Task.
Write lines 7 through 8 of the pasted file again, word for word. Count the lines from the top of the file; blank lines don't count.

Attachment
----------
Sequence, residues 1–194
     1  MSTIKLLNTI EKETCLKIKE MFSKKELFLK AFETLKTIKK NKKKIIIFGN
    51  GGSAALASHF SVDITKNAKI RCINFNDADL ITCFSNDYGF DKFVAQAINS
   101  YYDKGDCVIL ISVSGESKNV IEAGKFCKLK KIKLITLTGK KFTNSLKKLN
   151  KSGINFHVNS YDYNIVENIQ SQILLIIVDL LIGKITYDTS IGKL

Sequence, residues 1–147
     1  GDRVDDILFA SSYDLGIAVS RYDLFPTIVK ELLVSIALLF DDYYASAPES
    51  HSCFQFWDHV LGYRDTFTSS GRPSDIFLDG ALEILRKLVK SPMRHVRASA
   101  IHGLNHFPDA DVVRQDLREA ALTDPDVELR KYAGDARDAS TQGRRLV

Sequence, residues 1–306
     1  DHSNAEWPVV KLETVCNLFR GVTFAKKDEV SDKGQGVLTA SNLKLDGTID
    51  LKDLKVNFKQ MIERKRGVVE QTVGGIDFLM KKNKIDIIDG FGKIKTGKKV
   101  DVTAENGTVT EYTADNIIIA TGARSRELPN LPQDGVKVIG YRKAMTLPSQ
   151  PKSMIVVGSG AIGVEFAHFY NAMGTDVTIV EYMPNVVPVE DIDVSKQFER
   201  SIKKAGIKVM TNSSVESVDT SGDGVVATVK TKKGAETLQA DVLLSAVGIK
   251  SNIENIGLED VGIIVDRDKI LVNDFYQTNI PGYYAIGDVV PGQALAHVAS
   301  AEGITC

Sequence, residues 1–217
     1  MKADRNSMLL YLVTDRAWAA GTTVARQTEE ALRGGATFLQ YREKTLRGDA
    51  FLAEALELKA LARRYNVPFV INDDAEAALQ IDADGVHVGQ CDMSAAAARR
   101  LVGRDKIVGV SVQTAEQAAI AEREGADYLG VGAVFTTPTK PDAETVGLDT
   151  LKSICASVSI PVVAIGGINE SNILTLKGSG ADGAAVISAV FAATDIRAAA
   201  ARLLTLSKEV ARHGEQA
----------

     1  GDRVDDILFA SSYDLGIAVS RYDLFPTIVK ELLVSIALLF DDYYASAPES
    51  HSCFQFWDHV LGYRDTFTSS GRPSDIFLDG ALEILRKLVK SPMRHVRASA